Chapter 8 through Chapter 10 investigate the collapse of the Somali State, the breakup of the North and South, the rebirth of Somaliland and the aftermath – internal fighting in both sides, the humanitarian crises and the invasion and intervention of foreign countries, and the UN efforts in Somalia, and peace-building and state-building in Somaliland.

Chapter 11 probes how Somaliland survived in the late 2000s and throughout the 2010s primarily from “a centralist threat from whoever was in control of Mogadishu and internal Islamist subversion” (p. 195) as well as from “stagnation and decay” (p. 196). Due to the absence of international recognition for three decades, the author speculates what the future holds for Somaliland and in light of the recent UAE investments and economic cooperation highlights that “Strangely enough, having now become a satellite of the United Arab Emirates might provide a way out of this quandary” (p. 213).

The book has a number of exceptional merits. To start with, the way it analyzes Somali nationalism and the Great Somali Nation-State dream is uniquely spectacular – here the reader will find a very critical interpretation and narrative that is not so common in the literature on Somalis. Secondly, the author examines the nature and history of SNM in a way that Somalilanders (including the movement’s founders and leaders) can hardly do – impartial, comprehensive, detail-oriented, and broader in the sense of taking the regional politics and the Cold War, among other things, into account.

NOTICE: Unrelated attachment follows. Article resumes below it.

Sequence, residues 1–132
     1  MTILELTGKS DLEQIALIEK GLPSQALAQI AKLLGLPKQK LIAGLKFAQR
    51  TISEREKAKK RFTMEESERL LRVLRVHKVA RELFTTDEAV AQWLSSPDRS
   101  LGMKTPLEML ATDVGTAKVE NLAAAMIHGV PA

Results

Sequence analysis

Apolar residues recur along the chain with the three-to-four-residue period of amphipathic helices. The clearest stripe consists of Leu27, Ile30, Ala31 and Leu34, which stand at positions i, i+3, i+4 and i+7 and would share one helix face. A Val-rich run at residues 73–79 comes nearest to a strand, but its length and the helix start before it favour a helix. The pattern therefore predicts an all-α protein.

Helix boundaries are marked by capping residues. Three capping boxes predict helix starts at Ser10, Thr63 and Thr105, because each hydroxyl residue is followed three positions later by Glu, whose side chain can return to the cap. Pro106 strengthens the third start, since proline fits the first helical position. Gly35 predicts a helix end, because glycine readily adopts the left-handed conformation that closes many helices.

The book is nearly impeccable in spite of otherwise corrigible mistakes. For instance, the author writes: “Since the SYL [Somali Youth League] was largely ‘southern’, it created a British Somaliland branch called the Somali National League (SNL) in Hargeisa” (p. 10). Well, while SYL had once a branch in British Somaliland, SNL had never been a branch of SYL but was a separate organization, which was the largest and most powerful party in British Somaliland. When discussing the foundation of SNM and the early activities in the Gulf countries, Prunier rights, “The man who brought all of them together was Engineer (later Colonel) Mohamed Hashi” (p. 44). Here, the author confuses one man with another: two men who were both involved in the early days of SNM: Eng. Mohamed Hashi Elmi who later became the Mayor of Hargeisa and the Minister of Finance (he is still alive) and Col. Mohamed Hashi Dirie “Lixle”, a military colonel who was later killed in the war. The remaining few errors are related to the Somali clans – listing a clan and one of its sub-clans as equal or getting someone’s sub-clan wrong – which there is no reason, whatsoever, to blame the author.

About the Author

Muhumed M. Muhumed (Khadar) is the author of two books: “Kala-Maan: Bilowgii iyo Burburkii Wadahadallada Soomaalilaand iyo Soomaaliya” in 2018 and “Dhaqaalihii Jamhuuriyadda Soomaaliyeed, 1960-1991” in 2022, and a number of scholarly articles. He is a researcher based in Hargeisa, Somaliland and he can be reached at: baadilmm@gmail.com

Disclaimer: The viewpoints expressed by the authors do not necessarily reflect the opinions, viewpoints of the Somaliland Chronicle, and its staff. 

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Notice: This article by Somaliland Chronicle is licensed under a Creative Commons Attribution-NonCommercial 4.0 International License. Under this license, all reprints and non-commercial distribution of this work is permitted.